U2:  commercial for a free album at iTunes

U2’s new commercial for a free album at iTunes

“U2, you sluts, you’re supposed to be giving your money to an AIDS charity in Africa,” I said to U2 on the new iTunes  commercial.

There’s always something slightly slutty about an alternative rock band’s doing commercials, don’t you think?

I have a thing about slutdom.  I also have a thing about “alternative.”  Call me old-fashioned or call me an “ordinary radical,” because I think there is something radical about quotidian bloggers in our marketing-driven  society.

I am a middle-aged housewife, a reader, a feminist, a bicyclist, and a Latinist.  What I’m not is a marketer.  I recently promised to trash some books here, because I am a little tired of all the positive posts I’ve written.

joshlyn jackson pretty 10960383

Nothing could persuade me to finish this.

I have rejected as many contemporary novels as I’ve read recently.   Nothing could persuade me to finish Joshilyn Jackson’s rather Oprah Club-ish Southern novel, A Grown-Up Kind of Pretty, in which the daughter of an unwed mother finds a buried baby under a tree. (What are the f—-g odds?)   I also gave up on  Edan Lepucki’s best-seller, California, a bittersweet dystopian novel, liberally peppered with details of pregnancy in the post-apolyptic age. (Can there BE any more dystopian novels? )  I also struck out with Laline Paull’s The Bees, a much-touted science fiction novel about a rebel bee and, yes, rogue pregnancy where only the Queen is allowed to breed.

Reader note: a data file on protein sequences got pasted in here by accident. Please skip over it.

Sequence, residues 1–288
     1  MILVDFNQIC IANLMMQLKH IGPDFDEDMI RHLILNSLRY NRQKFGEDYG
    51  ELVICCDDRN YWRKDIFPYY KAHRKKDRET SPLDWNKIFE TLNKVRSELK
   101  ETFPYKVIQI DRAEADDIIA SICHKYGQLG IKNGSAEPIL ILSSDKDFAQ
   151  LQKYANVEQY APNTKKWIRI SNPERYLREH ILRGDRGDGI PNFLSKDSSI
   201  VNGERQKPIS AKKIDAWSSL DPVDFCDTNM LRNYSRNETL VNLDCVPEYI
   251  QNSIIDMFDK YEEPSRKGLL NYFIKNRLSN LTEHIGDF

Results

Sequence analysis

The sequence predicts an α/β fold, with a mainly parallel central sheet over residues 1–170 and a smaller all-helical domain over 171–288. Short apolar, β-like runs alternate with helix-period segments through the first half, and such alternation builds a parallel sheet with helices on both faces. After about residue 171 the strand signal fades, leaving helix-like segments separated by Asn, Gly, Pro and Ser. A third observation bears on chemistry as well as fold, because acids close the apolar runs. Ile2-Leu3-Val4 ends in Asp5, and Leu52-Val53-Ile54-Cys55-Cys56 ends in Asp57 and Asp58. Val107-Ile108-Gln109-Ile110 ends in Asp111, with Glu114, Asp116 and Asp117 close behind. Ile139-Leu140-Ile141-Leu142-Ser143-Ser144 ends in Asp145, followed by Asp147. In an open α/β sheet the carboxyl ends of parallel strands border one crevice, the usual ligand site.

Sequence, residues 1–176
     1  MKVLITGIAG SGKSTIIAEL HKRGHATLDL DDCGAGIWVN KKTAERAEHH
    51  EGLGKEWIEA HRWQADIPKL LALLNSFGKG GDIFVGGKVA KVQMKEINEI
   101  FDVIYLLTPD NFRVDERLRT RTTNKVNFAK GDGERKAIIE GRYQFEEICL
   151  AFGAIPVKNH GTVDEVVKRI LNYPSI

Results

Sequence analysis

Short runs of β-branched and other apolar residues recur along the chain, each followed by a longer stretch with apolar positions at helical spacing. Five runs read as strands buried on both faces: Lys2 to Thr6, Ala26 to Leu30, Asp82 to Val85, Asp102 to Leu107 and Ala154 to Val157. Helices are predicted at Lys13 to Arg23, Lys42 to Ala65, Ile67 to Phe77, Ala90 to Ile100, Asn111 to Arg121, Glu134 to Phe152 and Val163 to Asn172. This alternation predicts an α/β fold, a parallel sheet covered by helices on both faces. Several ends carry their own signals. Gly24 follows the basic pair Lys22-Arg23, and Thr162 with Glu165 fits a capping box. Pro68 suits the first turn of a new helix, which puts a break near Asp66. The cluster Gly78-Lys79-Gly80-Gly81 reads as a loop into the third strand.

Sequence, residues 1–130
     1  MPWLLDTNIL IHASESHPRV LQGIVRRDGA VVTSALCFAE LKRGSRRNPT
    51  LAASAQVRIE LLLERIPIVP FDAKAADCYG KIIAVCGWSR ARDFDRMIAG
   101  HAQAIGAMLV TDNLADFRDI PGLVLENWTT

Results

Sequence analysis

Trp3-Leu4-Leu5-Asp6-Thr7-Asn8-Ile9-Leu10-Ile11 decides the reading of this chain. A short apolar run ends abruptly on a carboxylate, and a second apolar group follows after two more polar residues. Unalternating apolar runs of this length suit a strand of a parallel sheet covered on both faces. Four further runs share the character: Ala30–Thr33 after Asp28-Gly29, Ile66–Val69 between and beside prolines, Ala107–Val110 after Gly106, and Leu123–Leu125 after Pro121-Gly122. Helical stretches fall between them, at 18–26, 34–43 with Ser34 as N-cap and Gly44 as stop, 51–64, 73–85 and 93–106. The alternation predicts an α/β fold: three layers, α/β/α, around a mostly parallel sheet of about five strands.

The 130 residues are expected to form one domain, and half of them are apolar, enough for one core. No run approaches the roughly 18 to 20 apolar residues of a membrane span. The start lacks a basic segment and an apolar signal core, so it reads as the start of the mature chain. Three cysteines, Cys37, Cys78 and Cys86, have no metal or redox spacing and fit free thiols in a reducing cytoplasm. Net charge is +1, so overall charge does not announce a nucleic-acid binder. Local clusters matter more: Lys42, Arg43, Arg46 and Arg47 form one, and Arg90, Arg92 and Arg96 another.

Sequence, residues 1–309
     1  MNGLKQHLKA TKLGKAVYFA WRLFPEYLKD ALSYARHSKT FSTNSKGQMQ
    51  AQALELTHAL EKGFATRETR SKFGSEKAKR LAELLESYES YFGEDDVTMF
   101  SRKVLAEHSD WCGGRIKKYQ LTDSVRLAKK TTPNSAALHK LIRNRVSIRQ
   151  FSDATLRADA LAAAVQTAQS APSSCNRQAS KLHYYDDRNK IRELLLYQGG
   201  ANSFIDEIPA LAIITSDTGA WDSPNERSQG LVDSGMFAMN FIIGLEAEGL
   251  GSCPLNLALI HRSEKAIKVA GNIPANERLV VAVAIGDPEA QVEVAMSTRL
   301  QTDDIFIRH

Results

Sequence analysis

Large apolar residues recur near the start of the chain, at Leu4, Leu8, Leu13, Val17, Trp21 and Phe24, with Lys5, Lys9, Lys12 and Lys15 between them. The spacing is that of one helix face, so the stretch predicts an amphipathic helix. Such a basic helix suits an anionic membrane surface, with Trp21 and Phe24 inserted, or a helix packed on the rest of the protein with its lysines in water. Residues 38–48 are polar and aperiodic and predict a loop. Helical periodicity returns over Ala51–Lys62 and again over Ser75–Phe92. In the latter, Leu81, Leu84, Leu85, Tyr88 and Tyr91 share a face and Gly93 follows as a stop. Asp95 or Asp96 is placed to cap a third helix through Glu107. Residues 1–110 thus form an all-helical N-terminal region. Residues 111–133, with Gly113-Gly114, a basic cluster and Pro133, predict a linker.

Come on, women, birth control has always been my thing.  I’m also pro-abortion.  What’s with all the pregnant lit?

As I’ve become more connected to people on the net, my “criticism,” particularly of women’s books, has, become less strident.   A couple of weeks ago, when I wrote about Mary Beard, a celebrity classicist  I consider overrated, I didn’t stress the extent of her self-promotion.  After all, the poor woman has received death threats on Twitter.   But it’s really her writing that is overpraised:  her work is aimed at a popular audience, probably undergraduates, and I question how interesting it is to scholars or even ordinary Latinists like myself (it’s not very).

Should I  be quiet about my opinion of these successful women writers?  Probably.  They ARE my sex, after all,.

Yes, it might be nice of me, but I am proceeding with this blog from now on as though the writers won’t read this.

I promise I’ll post very soon about a contemporary woman’s novel I have hugely enjoyed.

Because there is the bad, but there is also the good.

Mary McCarthy’s A Charmed Life

“Just aMcCarthy a charmed life 80057 minute!”  I said.